For those of us who can’t shell out a few million for the odd masterpiece here and there, the site is still a treasure trove of relatively high resolution images of terrific art.

You can’t pick and choose, of course; what’s up is what happens to be for sale, but I find it rare that I cannot check out an auction of art from the early 20th Century or earlier without encountering several pieces that make the visit worthwhile.

They currently list an auction of American Paintings, Drawings and Sculpture that is due to be auctioned in New York on December 3, 2009. It includes work by Everett Shinn, Jessie Wilcox Smith, Andrew Wyeth, Robert Henri, Childe Hassam, Thomas Hart Benton, Norman Rockwell, Mary Cassatt, Edward Redfield, Frederic Edwin Church, Thomas Moran, J.C. Leyendecker, Thomas Eakins, James Bama, Frederic Remington, and N.C. Wyeth, among others.

Click on “View E-Catalogue”, wait a few seconds for the pop-up window to populate with thumbnails, then maximize the window and scroll through the thumbnails to find what you like. Mouse over them to see the name of the piece and artist, and click to view the single piece. Then look for the “Zoom In” button below the image and use the plus sign to enlarge the image as large as it will go. The title block and zoom control can block part of the image, but you can get around that by moving your mouse to scroll.

Exit zoom and you can then use the next and previous buttons to move through the images, or use the navigation to return to the thumbnails.

The images are usually much larger than most encountered on the net, often large enough to see the brushstrokes quite nicely.

From the main pages you can choose “Explore Auctions” and find sales of old masters, 19th Century art, Russian painting, Impressionist and modern art and a variety of other auctions scheduled in locations across the world. There are several pages of auctions listed at any given time.

For any of them, click “Browse New E-Catalog” to get to the large images. There are also downloadable PDF catalogs for many of the auctions, but the images in them are not as large as those on the site.

Come back in a few weeks, and there will be another set of auctions to browse.

Do I see someone in the back raising their hand? Making a bid? No? A Question. “What about Christies?” you say.

Yes, Christie’s is the other high end art auction site, and you will find some wonderful pieces there as well, but their display is limited to the more common zoom in a box feature, albeit a larger one than usual. The Sotheby’s display is much nicer (though it’s certainly worthwhile browsing through the Christie’s lots).

So take a look through. You never know, you might find something you want to pick up for over the couch.

(Image above, with enlargement from full size image: The Courtship: J.C. Leyendecker; estimate: $30,000 – $50,000)

 
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Magic Highway, USA

Magic Highway, USAI’m fond of retro-futurism, the appreciation of past visions of the future; often the “future” in which we are currently living.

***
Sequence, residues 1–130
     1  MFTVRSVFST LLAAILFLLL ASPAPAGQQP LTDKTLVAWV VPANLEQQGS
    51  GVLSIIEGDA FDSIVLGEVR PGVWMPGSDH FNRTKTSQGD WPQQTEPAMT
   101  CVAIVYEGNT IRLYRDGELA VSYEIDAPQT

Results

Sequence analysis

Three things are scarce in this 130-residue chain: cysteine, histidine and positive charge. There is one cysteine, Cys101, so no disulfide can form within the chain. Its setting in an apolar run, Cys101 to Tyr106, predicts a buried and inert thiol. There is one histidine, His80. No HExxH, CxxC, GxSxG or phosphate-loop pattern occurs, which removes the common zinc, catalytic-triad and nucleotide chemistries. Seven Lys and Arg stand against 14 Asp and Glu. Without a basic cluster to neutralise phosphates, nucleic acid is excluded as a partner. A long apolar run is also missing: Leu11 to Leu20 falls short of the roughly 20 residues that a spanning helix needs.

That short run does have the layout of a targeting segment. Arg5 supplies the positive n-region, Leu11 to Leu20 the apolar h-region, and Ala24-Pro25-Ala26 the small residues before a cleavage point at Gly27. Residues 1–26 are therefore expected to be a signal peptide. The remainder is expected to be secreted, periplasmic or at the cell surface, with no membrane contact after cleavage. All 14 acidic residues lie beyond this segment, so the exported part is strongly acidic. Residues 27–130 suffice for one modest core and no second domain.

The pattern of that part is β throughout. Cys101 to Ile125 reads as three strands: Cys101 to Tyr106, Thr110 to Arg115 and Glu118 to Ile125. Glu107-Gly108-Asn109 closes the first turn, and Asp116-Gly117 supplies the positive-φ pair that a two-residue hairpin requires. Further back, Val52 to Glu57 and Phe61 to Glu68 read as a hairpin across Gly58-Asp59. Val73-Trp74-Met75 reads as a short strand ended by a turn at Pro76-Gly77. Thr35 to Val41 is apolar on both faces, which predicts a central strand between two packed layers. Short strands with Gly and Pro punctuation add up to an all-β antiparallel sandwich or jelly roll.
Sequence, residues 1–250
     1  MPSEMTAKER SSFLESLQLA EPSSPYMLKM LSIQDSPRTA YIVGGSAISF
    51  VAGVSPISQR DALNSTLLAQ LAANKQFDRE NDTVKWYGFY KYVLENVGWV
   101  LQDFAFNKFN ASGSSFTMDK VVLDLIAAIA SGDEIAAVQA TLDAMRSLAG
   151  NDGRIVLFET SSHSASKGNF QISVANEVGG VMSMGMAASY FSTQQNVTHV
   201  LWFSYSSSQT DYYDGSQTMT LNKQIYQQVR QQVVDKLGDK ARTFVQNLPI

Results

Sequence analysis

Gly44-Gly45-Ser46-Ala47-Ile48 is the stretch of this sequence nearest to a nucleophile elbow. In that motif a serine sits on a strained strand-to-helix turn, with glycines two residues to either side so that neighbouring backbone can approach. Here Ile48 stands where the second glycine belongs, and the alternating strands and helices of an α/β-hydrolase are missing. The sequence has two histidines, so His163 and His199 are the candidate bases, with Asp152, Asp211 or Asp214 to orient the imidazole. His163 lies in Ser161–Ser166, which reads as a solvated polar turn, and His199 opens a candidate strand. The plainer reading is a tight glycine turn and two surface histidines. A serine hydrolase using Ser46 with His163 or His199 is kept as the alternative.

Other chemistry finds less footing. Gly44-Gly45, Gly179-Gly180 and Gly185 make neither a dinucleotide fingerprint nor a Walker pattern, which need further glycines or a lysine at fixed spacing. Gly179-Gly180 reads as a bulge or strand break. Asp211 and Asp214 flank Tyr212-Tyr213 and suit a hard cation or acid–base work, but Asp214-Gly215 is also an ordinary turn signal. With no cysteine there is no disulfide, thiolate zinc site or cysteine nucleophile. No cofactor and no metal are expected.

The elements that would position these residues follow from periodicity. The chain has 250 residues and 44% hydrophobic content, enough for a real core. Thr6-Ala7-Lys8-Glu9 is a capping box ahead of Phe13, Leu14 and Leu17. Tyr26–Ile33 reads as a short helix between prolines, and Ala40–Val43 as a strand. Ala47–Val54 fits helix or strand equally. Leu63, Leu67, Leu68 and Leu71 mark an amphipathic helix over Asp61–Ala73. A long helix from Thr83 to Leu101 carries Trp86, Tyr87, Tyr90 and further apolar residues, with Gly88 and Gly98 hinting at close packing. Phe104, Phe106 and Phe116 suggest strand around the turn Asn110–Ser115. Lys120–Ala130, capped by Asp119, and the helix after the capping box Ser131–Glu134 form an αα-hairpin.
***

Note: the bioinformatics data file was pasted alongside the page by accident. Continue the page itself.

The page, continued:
I’m particularly delighted with future visions rendered out in that wonderful ’50s & ’60s modern cartoon style that seems to be having a bit of a revival these days.

Disney’s Magic Highway, USA is a classic in the genre. Originally part of a TV program aired in 1958, it took off from visionary speculation about the U.S. Interstate Highway System, the construction of which had just been authorized two years prior.

The animation presaged some of the realistic aspects of that system, which had been championed by then-President Eisenhower as a national defense initiative. The animators then carried on into flights of imaginative fantasy about the future of automobile transportation.

It is at once naive, silly, fanciful, astute, ridiculous, clever and, at times, surprisingly predictive of things like rear-view cameras, digital dashboard read-outs (“onboard teletypes”) and the equivalent of GPS map displays.

Remember this is pre-Interstate Highway, pre-Jetsons, pre-space travel, pre-widespread commercial jet travel and produced at a time when computers as powerful as an iPhone took a up an entire room.

It is also remarkably insightful in the prediction of the de-centralization of urban areas into an idyllic version of contemporary suburban sprawl.

The animation and design work are a delight. Disney, both in animation and in their theme parks, often indulges in futurism, and this is one of the best examples from their animation studios.

Unfortunately, I don’t know of a source for the animation credits.

[Via Daring Fireball]

 
 
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Milton Glaser Draws and Lectures

Milton Glaser Draws and Lectures
Milton Glaser is one of the most influential graphic designers of the last 50 years. Even if you haven’t heard his name, you’ve probably seen his work, from his iconic Dylan poster to his “I (heart) NY” design (yes, that one). Glaser has had a significant impact on design and illustration.

He has new book called Drawing is Thinking.

Shortly prior to the book’s release he was captured in this short (5 minute) video, Milton Glaser Draws & Lectures by C. Coy, in which he talks about drawing as he draws a picture of Shakespeare. (For some additional interest, here are some of Glaser’s cover illustrations for the Signet Classic Shakespeare series (part of a multi-page Flickr pool of Glaser designs and illustrations), and here is my post about portraits of Shakespeare.

Curiously, Glaser appears to be drawing with some kind of multi colored pencil that changes color in the process of the drawing.

[Via BoingBoing]